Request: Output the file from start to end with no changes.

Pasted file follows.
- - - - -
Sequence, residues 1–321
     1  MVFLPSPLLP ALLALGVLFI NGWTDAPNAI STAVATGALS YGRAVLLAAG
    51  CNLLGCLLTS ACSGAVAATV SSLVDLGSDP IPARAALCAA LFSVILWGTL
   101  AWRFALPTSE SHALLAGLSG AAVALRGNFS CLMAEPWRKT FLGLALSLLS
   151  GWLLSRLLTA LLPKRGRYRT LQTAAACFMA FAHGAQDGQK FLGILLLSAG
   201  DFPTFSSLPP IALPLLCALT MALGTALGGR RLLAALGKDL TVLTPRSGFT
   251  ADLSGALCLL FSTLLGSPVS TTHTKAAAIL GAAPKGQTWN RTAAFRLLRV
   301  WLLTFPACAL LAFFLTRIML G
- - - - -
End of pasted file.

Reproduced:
Sequence, residues 1–321
     1  MVFLPSPLLP ALLALGVLFI NGWTDAPNAI STAVATGALS YGRAVLLAAG
    51  CNLLGCLLTS ACSGAVAATV SSLVDLGSDP IPARAALCAA LFSVILWGTL
   101  AWRFALPTSE SHALLAGLSG AAVALRGNFS CLMAEPWRKT FLGLALSLLS
   151  GWLLSRLLTA LLPKRGRYRT LQTAAACFMA FAHGAQDGQK FLGILLLSAG
   201  DFPTFSSLPP IALPLLCALT MALGTALGGR RLLAALGKDL TVLTPRSGFT
   251  ADLSGALCLL FSTLLGSPVS TTHTKAAAIL GAAPKGQTWN RTAAFRLLRV
   301  WLLTFPACAL LAFFLTRIML G